Become a Teacher A new survey by the Woodrow Wilson National Fellowship Foundation finds that 42 percent of college-educated Americans (ages 24 to 60) would consider becoming a teacher. The deterrent is the same as it has always been: the salary. Maybe we could mail them a poster of Al Roker and his favorite teacher. TeachersCount.org has an ongoing public service campaign, “Behind Every Famous Person Is a Fabulous Teacher.” Visit the Teachers Count website to learn more about the campaign, get posters, and last but not least … find out how to become a teacher. We found the survey results in John Micklos’ post Celebrating the Impact of Teachers (Reading Today Daily, 17 September 2008)
Brrrr! Thanks to Meredyth Kezar for her post in the Late Literacy blog for introducing us to a new blog, the Joy of Children’s Literature and a new (at least to us) online magazine. Beyond Polar Bears and Penguins is an “online polar and literacy magazine” for elementary teachers (Kindergarten to fifth grade)
Yum, Yum! Last week, if you ate out in Seattle, you had the opportunity to support Page Ahead, a non-profit that distributes books to readers-in-need throughout WashingtonState. By partnering with restaurants, the organization’s Dish Up Literacy! Campaign raises funds when you eat out. You can also visit Page Ahead to get ideas on how to help promote reading.
Still Superbowl Champs I am a New York Giants fan (by marriage), so when I saw the link to Justin Tuck’s R.U.S.H. for Literacy in Jen Robinson’s Children’s Literacy Round-up: September 22, I had to (pun intended) rush over. Sixth- and Seventh-grade students from four Title I middle schools in New York City are participating in a reading challenge, where they read one book a month during football season. They are also required to write a book report, which will be submitted for review and judged by a panel that includes Tuck and his wife.
Learning is Universal In a post this morning at Reading Today Daily (IRA blog), John Micklos summarizes an article about working with learning-disabled (LD) students.A report by the National Center for Learning Disabilities suggests that “[b]y making broad changes to how information is presented to all students and the ways in which all students are able to show what they know, the horizons for students with LD will be expanded from a “student deficit” approach to a “student success” approach. You can read the article, Universal Design for Learning on the NCLD website and/or participate in a talk on the subject 24 September 2008 at 1:00 PM (EDT).
Kumon, not Cumin Brian Scott has a fascinating post called Kumon – Teaching Children to Learn (Literacy and Reading News, 18 September 2008) I loved how he opened the article: “The fad of creating super-genius children may be out, but concerned parenting will always be in.” At Kumon learning centers, visit twice a week and work on lessons in reading in math. Unlike school, where their papers are corrected and the kids move on to new material anyway, at Kumon, the kids will continue to work through a lesson until they do it without error. There is no set schedule, so the kids learn at their own pace. There is a Jr. Kumin for preschoolers and kindergarteners … that sort of hints of a desire for super-genius, no?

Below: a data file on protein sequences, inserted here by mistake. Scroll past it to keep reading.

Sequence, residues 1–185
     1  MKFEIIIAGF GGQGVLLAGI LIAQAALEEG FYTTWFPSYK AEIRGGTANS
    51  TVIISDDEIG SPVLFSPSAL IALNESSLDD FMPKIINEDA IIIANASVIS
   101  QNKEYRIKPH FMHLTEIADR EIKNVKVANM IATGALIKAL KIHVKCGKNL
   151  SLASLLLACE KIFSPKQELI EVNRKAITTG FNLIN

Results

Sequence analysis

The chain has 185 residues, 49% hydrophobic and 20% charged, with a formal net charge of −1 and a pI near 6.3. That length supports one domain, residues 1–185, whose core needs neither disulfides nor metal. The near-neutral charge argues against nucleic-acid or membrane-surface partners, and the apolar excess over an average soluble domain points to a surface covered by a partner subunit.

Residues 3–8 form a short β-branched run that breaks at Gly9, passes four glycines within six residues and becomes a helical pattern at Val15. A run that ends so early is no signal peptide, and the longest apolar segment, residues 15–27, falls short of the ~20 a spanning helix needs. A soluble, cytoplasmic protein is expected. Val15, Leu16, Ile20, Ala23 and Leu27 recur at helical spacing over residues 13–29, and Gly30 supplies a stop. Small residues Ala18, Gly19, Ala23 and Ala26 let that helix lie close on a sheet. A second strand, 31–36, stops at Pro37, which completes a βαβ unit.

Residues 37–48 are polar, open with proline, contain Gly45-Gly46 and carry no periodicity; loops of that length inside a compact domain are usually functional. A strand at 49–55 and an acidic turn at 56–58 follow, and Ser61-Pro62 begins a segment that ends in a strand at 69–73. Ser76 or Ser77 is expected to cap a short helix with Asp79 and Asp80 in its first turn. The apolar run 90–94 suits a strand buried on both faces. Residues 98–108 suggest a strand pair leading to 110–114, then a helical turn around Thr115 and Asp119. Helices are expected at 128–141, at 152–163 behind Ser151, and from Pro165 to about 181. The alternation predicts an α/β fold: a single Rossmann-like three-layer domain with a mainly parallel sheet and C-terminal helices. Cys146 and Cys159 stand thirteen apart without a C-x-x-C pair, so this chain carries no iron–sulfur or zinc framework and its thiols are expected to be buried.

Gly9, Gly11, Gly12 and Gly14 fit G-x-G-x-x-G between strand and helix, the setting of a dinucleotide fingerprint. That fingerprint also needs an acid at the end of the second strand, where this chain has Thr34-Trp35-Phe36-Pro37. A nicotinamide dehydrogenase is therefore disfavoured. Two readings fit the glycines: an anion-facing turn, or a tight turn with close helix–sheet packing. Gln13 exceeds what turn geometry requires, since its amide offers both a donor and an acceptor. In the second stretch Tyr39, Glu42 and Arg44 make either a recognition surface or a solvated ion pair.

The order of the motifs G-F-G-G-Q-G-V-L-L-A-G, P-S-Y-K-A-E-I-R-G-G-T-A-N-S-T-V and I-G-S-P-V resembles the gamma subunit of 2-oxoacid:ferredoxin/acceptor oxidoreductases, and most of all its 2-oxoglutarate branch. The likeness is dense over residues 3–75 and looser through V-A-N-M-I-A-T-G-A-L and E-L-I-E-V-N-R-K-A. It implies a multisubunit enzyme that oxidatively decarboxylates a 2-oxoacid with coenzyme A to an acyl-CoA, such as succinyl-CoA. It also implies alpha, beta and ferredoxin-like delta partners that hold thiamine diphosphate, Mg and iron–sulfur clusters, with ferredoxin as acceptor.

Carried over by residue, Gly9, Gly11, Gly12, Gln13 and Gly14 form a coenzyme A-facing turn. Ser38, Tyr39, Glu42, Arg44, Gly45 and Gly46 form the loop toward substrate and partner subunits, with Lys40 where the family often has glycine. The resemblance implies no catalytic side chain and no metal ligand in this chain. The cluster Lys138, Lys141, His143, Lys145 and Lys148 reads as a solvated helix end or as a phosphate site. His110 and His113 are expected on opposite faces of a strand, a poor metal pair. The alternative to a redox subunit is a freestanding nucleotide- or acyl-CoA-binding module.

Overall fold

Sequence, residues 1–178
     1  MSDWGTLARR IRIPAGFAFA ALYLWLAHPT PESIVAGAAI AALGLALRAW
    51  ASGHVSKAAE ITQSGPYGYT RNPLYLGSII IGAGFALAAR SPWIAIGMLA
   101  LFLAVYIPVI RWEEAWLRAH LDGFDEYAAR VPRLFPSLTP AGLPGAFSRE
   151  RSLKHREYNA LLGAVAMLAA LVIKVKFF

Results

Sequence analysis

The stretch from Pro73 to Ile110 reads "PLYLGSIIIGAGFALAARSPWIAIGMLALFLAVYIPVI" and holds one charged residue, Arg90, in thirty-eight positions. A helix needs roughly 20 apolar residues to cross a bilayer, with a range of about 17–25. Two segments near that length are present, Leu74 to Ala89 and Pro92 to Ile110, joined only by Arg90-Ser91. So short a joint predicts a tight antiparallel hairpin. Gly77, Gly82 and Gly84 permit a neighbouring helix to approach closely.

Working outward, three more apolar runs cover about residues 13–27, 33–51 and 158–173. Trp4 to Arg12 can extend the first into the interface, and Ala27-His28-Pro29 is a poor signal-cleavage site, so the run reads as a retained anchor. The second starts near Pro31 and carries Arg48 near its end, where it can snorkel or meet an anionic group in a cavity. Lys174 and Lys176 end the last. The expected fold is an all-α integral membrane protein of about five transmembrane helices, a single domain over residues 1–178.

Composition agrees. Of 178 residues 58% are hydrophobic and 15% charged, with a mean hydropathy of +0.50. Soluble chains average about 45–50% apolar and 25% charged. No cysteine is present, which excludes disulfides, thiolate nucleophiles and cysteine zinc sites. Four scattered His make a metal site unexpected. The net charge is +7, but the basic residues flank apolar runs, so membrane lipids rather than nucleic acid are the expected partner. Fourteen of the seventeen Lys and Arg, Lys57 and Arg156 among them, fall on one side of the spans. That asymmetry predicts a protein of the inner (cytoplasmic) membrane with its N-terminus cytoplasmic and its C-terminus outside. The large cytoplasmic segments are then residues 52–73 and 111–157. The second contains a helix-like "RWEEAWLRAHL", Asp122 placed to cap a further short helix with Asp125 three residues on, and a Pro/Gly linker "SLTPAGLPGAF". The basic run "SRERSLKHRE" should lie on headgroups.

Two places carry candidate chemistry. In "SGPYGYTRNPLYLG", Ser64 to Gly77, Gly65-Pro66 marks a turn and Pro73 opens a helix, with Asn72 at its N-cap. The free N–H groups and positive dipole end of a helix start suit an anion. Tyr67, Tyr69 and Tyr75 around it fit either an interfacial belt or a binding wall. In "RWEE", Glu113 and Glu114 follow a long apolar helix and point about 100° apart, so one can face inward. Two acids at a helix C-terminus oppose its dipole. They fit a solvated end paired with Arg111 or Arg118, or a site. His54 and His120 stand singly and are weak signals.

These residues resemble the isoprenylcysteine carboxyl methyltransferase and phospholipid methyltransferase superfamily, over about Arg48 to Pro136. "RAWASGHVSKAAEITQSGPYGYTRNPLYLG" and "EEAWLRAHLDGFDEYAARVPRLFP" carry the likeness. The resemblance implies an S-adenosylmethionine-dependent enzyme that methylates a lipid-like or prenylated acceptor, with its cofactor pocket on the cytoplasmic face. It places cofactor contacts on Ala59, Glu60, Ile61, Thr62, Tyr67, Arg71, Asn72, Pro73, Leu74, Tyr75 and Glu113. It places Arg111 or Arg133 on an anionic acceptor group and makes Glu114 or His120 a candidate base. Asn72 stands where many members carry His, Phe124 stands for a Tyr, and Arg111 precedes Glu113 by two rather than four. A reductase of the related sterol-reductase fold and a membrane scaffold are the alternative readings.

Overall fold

Education Grants In June, Sylvan Dell announced its new educational resource grant to promote math and science. We mentioned it in a previous round-up. So far, 1,000 schools have applied in this program to grant one elementary school in every US district “a free, one-year site license, providing unlimited access to all 35 Sylvan Dell eBooks, featuring flipviewer technology with selectable English and Spanish text and audio.” The first 25 private schools in a district can also apply and receive a grant. Here’s the online application. We read about the update in John Micklos’ post at Reading Today Daily (IRA blog, 19 September 2008)
Thanks for Sharing I just love great finds! So here are my thanks …
- to Franki at A Year of Reading for letting us know the Literacy Connection has a new website. Stop by to check out this page, with ideas about the “many natural, everyday opportunities parents have to talk, tell stories and share books with their children.” You can learn about the Literacy Connection workshops in Franki’s post.
- to Katherine at A Girl Walked Into a Bookstore for telling us about HistoricalNovels.info. You’ll find information on 3,500 historical fiction novels, sorted by time and place. Fifty of the books have been reviewed, and more are planned.
Great Kids, Great Books Tomorrow, the Kids Picks Carnival for September kicks off at 5 Minutes for Books. This is a chance for everyone to share the books they’ve been reading – and which their kids loved – in the previous month. Mr. Linky is set up so that bloggers tell you the ages of the children so you don’t have to go to every connection to find reviews of books you’ll want to share with your kids.